In this Year of Consecrated Life, we especially recognize the extraordinary accomplishments of vowed religious in the life of the church. In these United States, from the very time our ancestors arrived at these shores, those in consecrated life established in many instances the first hospitals, universities and colleges, schools, orphanages and so many other institutions serving the poor, the neglected, the disenfranchised, the neglected, those on the fringes of society. In monasteries devoted to prayer and contemplation the needs of the faithful have been and continue to be brought to the Lord and these houses of prayer still stand as beacons of hope to the arch/dioceses in which they are located, assuring the faithful that throughout the day and night they are being prayed for and their petitions brought to the Father. This Year of Consecrated Life allows us to renew our gratitude to our sisters and brothers in religious life, not only this year but always!
As a diocesan family then, clergy religious and laity, we seek our Mother’s intercession, recalling the Prayer for the Marian Year given to us in 1987 by Pope Saint John Paul II:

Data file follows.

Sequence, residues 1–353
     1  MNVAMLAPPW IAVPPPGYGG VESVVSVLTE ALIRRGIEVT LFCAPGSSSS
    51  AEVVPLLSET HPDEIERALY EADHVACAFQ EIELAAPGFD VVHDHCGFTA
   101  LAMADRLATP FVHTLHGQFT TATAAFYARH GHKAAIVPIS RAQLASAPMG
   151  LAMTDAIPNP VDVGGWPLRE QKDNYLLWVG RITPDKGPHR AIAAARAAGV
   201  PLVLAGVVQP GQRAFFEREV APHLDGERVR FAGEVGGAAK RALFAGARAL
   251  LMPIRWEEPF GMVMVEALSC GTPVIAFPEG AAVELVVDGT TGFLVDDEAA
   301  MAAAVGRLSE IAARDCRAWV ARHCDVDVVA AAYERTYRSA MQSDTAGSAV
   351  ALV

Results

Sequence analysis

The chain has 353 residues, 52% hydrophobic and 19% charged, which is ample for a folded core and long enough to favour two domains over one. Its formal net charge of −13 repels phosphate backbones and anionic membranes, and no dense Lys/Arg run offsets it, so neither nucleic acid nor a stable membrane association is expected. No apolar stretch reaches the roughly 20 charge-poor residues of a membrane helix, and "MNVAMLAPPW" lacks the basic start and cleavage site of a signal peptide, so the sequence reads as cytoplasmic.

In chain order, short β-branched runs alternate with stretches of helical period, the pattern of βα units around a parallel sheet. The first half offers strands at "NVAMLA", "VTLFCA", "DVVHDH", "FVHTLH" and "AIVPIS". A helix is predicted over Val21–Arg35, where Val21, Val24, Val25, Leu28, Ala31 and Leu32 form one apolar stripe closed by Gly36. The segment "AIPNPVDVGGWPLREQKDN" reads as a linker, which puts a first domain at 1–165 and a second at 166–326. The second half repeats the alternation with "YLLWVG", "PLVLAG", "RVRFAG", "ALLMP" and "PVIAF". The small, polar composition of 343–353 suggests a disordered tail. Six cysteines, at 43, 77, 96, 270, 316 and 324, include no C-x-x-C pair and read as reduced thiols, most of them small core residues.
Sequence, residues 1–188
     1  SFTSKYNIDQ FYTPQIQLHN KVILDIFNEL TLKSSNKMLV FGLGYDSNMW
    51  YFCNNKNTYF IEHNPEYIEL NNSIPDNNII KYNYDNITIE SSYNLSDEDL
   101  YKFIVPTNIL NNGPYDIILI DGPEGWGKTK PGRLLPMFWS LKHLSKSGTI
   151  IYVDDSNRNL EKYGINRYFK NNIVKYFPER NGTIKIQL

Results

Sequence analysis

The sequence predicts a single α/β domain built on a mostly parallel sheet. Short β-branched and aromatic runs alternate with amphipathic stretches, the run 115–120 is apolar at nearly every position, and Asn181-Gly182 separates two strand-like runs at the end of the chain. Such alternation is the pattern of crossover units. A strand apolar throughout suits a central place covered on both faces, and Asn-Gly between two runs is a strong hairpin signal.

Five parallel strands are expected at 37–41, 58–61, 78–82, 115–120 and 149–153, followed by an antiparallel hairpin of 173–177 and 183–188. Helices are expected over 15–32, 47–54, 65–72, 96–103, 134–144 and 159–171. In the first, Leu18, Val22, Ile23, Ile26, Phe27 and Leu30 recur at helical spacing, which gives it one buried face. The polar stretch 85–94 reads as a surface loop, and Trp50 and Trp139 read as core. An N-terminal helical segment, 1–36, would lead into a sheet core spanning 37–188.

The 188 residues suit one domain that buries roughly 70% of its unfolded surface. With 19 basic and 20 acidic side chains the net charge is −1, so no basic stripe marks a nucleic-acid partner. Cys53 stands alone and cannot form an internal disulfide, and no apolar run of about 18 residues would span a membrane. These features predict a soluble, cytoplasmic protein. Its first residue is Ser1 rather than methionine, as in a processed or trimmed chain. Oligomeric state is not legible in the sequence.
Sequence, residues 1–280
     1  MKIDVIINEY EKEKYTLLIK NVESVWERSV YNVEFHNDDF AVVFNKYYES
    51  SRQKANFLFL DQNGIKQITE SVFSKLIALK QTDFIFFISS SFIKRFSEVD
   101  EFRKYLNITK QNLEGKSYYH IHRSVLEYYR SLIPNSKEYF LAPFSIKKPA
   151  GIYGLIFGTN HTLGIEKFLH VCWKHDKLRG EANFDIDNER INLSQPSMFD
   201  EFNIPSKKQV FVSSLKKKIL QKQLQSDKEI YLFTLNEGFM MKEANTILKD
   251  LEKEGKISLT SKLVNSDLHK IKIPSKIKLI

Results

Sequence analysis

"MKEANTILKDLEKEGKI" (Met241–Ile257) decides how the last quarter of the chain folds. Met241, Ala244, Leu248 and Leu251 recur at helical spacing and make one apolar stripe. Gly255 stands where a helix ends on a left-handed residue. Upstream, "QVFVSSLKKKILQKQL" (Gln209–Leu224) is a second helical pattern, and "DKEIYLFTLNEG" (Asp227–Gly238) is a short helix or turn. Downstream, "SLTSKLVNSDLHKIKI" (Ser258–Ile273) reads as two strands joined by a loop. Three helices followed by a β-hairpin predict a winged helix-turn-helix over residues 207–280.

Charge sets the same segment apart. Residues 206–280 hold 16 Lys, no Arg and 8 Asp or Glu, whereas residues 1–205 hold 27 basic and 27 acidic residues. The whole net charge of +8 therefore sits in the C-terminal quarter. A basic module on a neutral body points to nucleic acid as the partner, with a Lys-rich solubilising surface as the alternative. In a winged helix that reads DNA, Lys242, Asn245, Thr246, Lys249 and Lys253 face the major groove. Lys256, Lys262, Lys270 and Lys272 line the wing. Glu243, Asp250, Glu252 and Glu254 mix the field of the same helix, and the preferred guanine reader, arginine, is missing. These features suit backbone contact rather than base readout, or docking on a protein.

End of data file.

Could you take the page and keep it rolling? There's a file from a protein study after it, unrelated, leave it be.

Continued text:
To you, Mother of the human family and of the nations, we confidently entrust the whole of humanity, with its hopes and fears. Do not let it lack the light of true wisdom. Guide it to seek freedom and justice for all. Direct its steps in the way of peace. Enable us all to meet Christ, the way and the truth and the life.
As a true mother, Mary has gone on ahead to prepare the way for her family, to tell God about us, to ask God never to leave us in our suffering but that He grant us His gift of peace. And because we know Mary loves us with a mother’s love, the beads will continue to be worn thin. Behold your mother! Behold her to whom Benedict XVI, our Holy Father Emeritus, offered this prayer:
"Holy Mary, Mother of God,
you have given the world its true light, Jesus, your Son — the Son of God.
You abandoned yourself completely to God’s call
and thus became a wellspring of the goodness which flows forth from him.
Show us Jesus. Lead us to him, teach us to know and love him so that we too can become capable of true love and be the fountains of living water in the midst of a thirsting world" (Deus Caritas Est, No. 42, December 25, 2005).
Invoking the intercession of Mary, our mother, asking that she bring to her son the needs of our diocese, I remain
Devotedly yours in Christ,
+ The Most Reverend Salvatore R. Matano
Bishop of Rochester